The latest figures on fish production in Brazil for 2002 have just been
released. Why the delay? The Environmental Protection Agency (Ibama) reports
that it is not easy to gather the data for its fish survey and it is also very
expensive, given the distances involved.
The news about 2002 fish production and exports, although a long time coming, is good. Production reached slightly over one million tons, up 7.1%, compared to 2001. Exports also rose: up 36.5%, which resulted in a trade surplus.
Iran Lopes, an official at the secretariat of Fish Resources, says that the next reports will be more timely. “We should have the data from 2003 in order by December of this year,” he promises.
The 2002 report shows that Santa Catarina, in the southern region, is Brazil’s biggest producer of extractive marine fishing (that is, ocean fishing) with 118,120 tons.
Pará, in the north, is in second place with 104,705 tons, followed by Rio de Janeiro, with 56,698 tons. However, Pará leads in continental fishing with 67,199 tons, followed by Amazonas with 66,581 tons.
Aquaculture is a strong growth sector in Brazil because of government policy, investments and the knowledge that regular fishing can harm the environment, explains Lopes. In 2001, the sector grew 34.6%.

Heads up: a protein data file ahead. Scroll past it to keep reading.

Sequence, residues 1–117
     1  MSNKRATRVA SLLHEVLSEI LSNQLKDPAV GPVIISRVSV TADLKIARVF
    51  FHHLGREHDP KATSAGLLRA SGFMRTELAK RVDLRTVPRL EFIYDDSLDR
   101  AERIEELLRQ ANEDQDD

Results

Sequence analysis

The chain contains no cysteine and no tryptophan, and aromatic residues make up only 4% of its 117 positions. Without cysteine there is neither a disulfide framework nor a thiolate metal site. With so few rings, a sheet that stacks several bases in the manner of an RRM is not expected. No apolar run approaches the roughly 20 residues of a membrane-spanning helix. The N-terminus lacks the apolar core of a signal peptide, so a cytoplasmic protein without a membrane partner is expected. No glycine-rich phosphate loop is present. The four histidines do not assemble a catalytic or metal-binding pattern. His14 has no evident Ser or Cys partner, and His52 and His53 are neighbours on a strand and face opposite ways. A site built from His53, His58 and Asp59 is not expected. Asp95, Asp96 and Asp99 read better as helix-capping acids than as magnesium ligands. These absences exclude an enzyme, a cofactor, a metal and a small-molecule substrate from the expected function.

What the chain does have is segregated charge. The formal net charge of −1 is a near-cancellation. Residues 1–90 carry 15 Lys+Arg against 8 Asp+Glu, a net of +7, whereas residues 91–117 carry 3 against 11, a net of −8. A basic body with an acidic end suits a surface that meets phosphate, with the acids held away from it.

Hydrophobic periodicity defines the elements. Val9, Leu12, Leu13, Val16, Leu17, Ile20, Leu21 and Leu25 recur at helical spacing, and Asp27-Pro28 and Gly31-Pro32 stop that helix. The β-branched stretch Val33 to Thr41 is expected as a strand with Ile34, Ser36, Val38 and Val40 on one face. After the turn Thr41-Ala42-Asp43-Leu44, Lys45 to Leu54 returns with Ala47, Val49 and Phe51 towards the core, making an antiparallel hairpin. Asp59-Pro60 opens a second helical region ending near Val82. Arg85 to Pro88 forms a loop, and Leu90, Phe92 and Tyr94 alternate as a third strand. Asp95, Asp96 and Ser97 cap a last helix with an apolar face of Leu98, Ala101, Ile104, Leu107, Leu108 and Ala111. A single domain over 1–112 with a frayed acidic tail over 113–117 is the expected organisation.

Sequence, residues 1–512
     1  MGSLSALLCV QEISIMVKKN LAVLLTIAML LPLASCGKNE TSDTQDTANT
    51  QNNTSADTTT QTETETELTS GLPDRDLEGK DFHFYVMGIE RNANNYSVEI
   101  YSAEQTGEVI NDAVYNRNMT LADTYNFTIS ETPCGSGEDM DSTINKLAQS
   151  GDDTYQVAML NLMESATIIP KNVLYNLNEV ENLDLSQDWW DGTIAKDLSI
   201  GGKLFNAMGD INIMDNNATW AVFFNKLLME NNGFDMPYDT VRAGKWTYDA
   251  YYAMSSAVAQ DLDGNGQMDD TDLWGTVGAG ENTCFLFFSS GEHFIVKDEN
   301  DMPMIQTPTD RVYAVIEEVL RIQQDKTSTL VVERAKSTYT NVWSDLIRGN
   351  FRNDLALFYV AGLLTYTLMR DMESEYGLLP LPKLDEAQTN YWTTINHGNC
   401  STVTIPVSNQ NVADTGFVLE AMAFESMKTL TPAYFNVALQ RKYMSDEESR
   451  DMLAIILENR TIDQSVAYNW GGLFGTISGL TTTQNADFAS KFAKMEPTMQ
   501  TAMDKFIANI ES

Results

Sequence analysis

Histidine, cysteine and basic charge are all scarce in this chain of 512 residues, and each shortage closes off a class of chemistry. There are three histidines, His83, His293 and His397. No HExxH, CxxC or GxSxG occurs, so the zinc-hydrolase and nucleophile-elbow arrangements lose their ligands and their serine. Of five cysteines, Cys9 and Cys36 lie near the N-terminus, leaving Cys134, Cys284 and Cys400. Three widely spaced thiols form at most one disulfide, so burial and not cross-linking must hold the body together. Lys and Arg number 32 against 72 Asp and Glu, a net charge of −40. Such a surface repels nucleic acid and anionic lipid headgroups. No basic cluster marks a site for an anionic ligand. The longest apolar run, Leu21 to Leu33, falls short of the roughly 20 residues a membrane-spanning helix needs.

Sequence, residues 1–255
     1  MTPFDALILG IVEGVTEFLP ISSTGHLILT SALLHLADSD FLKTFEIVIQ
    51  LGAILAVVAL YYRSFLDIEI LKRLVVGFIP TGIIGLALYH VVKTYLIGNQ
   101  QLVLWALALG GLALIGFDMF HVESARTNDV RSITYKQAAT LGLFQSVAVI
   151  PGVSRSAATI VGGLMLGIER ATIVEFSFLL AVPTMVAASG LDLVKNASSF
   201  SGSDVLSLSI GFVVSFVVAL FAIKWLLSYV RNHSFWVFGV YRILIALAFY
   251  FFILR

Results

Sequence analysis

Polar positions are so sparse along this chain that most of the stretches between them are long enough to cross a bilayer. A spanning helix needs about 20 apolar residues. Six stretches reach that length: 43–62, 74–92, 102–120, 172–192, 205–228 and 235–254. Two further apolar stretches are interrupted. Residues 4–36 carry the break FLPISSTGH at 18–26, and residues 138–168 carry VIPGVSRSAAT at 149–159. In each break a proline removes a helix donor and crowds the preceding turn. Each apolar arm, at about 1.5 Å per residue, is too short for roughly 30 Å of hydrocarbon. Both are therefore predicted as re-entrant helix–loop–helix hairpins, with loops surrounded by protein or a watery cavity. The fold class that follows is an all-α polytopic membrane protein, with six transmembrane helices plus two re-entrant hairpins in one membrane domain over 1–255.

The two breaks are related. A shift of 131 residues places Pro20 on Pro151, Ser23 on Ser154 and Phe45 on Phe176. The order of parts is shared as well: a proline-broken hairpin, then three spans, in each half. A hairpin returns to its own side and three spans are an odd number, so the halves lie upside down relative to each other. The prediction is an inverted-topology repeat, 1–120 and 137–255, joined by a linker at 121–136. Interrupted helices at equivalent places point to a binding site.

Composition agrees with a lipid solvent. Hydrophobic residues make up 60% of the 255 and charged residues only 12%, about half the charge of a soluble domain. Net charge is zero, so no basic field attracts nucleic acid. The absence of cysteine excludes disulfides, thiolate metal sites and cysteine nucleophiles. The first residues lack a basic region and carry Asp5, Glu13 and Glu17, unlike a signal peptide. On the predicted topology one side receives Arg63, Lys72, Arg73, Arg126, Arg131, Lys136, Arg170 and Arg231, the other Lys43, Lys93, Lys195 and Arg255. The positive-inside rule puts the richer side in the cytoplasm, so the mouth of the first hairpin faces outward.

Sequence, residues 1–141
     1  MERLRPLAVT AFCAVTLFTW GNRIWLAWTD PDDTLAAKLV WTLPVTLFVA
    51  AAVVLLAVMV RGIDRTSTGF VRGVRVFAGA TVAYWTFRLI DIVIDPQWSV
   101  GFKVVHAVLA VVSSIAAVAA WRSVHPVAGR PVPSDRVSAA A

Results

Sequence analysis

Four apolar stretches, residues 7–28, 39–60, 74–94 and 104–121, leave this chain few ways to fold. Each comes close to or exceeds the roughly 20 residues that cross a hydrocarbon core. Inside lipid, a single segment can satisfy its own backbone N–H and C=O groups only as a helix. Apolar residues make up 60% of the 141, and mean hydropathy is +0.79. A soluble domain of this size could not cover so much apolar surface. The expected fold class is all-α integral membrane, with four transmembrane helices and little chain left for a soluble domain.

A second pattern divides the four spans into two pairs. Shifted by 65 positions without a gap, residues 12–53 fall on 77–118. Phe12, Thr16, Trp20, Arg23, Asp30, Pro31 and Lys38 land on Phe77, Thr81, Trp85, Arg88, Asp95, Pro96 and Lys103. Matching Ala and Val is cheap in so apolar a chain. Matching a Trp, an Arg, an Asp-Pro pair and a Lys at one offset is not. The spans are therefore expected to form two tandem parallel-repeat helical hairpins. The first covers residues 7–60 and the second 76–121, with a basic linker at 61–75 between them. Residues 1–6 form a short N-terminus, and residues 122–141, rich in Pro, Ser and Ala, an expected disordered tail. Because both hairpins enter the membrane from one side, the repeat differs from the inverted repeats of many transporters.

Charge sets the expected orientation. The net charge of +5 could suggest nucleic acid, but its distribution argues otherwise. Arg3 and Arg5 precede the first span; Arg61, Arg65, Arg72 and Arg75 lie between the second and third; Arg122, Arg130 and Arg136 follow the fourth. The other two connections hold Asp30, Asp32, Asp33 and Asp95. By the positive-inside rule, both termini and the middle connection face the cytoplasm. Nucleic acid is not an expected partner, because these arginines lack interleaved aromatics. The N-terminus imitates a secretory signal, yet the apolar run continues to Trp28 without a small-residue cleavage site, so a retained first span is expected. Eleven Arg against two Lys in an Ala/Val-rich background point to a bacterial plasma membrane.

As for exports, in 2002 they were mainly shrimp, lobster and special cuts of various types of fish, which resulted in a trade surplus of US$ 139 million.
The Brazilian government has decided to provide incentives for deep-sea fishing in Brazil in order to increase fish production (deep-sea is below 500 meters).
Work will begin to bring universities and the private sector together so studies can be made on the potential 500 meters below the surface of the waters along Brazil’s 8,500 kilometer long coastline.
Last year Brazilian fish production reached 755,000 tons, most of which was tuna. A government program to expand and modernize Brazil’s fishing fleet (Proflota) has a budget of US$ 485 million (1.5 billion reais) for this year. It seeks to create 10,000 jobs (2,500 direct ones) in the sector.
Brazil has a cabinet-level Minister for Fishing and one of his assistants, Carim Bacha, the director of Development, says that Brazil should insist on maintaining a 200-kilometer exclusion zone along its coast.
“We have a right to do that. And we will also make increased fish production a specific government goal,” says Bacha, who adds that Brazil and its Mercosur partners are negotiating fish exports to the European Union which would maintain the exclusion zone and attract investments by Europeans in the sector.
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